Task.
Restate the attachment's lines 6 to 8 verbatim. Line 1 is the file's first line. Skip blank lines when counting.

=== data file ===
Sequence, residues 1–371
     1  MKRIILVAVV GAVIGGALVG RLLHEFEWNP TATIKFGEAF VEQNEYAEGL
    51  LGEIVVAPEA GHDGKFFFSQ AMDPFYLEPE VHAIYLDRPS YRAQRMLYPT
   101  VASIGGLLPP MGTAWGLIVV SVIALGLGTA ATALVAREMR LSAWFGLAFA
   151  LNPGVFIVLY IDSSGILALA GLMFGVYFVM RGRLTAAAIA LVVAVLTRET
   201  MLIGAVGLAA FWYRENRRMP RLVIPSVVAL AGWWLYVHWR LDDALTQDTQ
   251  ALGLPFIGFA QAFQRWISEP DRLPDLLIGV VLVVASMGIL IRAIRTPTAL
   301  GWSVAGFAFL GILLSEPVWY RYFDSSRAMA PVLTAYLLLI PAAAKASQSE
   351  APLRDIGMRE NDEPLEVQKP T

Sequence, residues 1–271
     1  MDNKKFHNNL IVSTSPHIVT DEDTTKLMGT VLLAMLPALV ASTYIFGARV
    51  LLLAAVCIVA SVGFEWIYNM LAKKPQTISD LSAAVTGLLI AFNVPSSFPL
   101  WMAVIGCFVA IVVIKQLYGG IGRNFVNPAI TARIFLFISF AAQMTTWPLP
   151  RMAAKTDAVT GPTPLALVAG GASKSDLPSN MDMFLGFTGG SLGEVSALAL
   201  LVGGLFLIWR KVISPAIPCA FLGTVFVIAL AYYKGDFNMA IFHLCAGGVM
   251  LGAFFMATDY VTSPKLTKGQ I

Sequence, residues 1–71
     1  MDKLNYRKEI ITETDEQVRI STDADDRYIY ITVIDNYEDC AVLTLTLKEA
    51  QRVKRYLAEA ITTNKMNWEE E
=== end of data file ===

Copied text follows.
   201  MLIGAVGLAA FWYRENRRMP RLVIPSVVAL AGWWLYVHWR LDDALTQDTQ
   251  ALGLPFIGFA QAFQRWISEP DRLPDLLIGV VLVVASMGIL IRAIRTPTAL
   301  GWSVAGFAFL GILLSEPVWY RYFDSSRAMA PVLTAYLLLI PAAAKASQSE